If the units are on the east or north of the building or in NYC the "urban forest" of endless shade... where the sun never dries out the unit... the problem will also be worse.
When you say " However, on both units (different brands), on the rear set of coils, not the very exterior, but just behind the fan, there is sludge buildup that I cannot for the life of me remove. It is just behind the fan stuck on the fins. " are you talking about the coil that when looking at the back of the unit from outside, the sludge is on the other side of this coil?
If that's the case then you've run up against what I like to call "designed for failure" engineering. The units are put together in such a way that most are next to impossible to easily clean that backside of that coil. That outside coil has air pushed through it so that it exits the outside back of the unit. This air is pulled in through the ventilation ribs built into the outside of the cabinet. Along with the air is the "stuff" floating in the air which can include pollen, dirt (of many different types), floating seeds from trees and plants, concrete dust if there was construction going on and the list goes on. I think every window unit also uses the outside fan to pick up condensate water and fling/blow that through the coil to gain a bit of added efficiency. You take the mix of air-born things and add a little moisture and heat (that coil gets hot) and you've got a perfect setup for making some really unique "cement".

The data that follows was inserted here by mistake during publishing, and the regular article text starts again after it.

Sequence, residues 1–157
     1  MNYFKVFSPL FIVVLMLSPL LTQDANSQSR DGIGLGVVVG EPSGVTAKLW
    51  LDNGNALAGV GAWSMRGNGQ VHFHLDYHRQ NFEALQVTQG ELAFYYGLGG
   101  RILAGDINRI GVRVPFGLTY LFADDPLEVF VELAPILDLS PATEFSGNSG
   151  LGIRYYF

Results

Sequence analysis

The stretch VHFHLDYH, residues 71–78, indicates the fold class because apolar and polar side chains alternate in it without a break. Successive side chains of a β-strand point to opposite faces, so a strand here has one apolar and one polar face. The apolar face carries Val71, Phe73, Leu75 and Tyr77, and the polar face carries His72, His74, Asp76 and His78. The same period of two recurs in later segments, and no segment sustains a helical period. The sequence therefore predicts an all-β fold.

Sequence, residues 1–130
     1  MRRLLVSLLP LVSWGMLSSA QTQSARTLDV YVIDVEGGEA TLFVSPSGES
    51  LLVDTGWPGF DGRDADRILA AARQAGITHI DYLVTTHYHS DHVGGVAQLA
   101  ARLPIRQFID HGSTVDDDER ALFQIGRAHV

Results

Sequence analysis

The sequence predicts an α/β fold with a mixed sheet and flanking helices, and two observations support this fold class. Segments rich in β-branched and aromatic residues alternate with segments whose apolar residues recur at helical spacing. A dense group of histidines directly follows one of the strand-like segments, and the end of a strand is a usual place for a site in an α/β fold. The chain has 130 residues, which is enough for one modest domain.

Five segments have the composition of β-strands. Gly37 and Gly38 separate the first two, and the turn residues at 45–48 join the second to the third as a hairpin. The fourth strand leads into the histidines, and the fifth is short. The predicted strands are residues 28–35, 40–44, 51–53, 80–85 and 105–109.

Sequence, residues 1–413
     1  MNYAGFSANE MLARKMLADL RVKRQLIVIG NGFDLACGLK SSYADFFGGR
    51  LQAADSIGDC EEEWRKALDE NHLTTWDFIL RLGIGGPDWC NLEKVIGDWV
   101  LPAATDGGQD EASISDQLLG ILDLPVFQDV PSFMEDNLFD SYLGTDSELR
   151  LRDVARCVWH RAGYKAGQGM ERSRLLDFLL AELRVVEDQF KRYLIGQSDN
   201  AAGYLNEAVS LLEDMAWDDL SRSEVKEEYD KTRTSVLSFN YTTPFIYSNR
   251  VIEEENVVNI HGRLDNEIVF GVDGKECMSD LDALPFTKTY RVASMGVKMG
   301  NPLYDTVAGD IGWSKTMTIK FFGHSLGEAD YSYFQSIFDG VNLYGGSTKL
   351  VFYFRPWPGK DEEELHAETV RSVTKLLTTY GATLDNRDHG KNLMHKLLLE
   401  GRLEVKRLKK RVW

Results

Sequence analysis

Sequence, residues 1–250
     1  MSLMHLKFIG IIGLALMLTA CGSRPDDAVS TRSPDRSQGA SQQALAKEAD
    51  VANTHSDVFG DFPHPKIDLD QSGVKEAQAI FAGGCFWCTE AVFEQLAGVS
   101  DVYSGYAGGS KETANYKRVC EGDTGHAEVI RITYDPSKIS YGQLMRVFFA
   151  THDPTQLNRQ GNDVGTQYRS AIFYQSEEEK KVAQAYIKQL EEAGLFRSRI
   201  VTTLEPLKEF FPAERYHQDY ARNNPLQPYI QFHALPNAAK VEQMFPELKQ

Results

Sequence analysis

You want to clean these by "flushing" from the outside to the inside of the coil. Trouble is when you do this, and the crude starts coming off, there is really no good way for that to be drained out unless the unit you have has a plug that allows that section of the bottom of the case to be drained easily. If you still have the old units experiment with different household cleaning fluids to find which one best dissolves the "cement" bond. A hand spray bottle should be all you need and of course patience. Each area of the country and even your city may have different components that make up the problem.